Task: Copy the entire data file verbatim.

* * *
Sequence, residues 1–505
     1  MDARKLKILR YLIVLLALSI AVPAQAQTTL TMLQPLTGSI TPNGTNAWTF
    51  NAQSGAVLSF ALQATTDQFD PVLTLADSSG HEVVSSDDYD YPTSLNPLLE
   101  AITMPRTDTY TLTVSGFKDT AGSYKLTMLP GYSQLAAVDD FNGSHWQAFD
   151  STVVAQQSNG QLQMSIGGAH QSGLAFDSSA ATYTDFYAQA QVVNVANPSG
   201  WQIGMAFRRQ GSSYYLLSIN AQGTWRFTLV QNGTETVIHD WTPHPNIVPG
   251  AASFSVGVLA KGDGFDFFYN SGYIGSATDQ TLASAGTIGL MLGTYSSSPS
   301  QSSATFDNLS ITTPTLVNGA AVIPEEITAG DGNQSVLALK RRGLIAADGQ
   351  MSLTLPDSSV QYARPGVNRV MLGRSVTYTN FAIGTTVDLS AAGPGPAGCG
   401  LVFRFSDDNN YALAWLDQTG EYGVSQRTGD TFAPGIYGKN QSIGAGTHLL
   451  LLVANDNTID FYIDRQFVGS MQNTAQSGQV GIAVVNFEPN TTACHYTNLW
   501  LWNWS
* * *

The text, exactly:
Sequence, residues 1–505
     1  MDARKLKILR YLIVLLALSI AVPAQAQTTL TMLQPLTGSI TPNGTNAWTF
    51  NAQSGAVLSF ALQATTDQFD PVLTLADSSG HEVVSSDDYD YPTSLNPLLE
   101  AITMPRTDTY TLTVSGFKDT AGSYKLTMLP GYSQLAAVDD FNGSHWQAFD
   151  STVVAQQSNG QLQMSIGGAH QSGLAFDSSA ATYTDFYAQA QVVNVANPSG
   201  WQIGMAFRRQ GSSYYLLSIN AQGTWRFTLV QNGTETVIHD WTPHPNIVPG
   251  AASFSVGVLA KGDGFDFFYN SGYIGSATDQ TLASAGTIGL MLGTYSSSPS
   301  QSSATFDNLS ITTPTLVNGA AVIPEEITAG DGNQSVLALK RRGLIAADGQ
   351  MSLTLPDSSV QYARPGVNRV MLGRSVTYTN FAIGTTVDLS AAGPGPAGCG
   401  LVFRFSDDNN YALAWLDQTG EYGVSQRTGD TFAPGIYGKN QSIGAGTHLL
   451  LLVANDNTID FYIDRQFVGS MQNTAQSGQV GIAVVNFEPN TTACHYTNLW
   501  LWNWS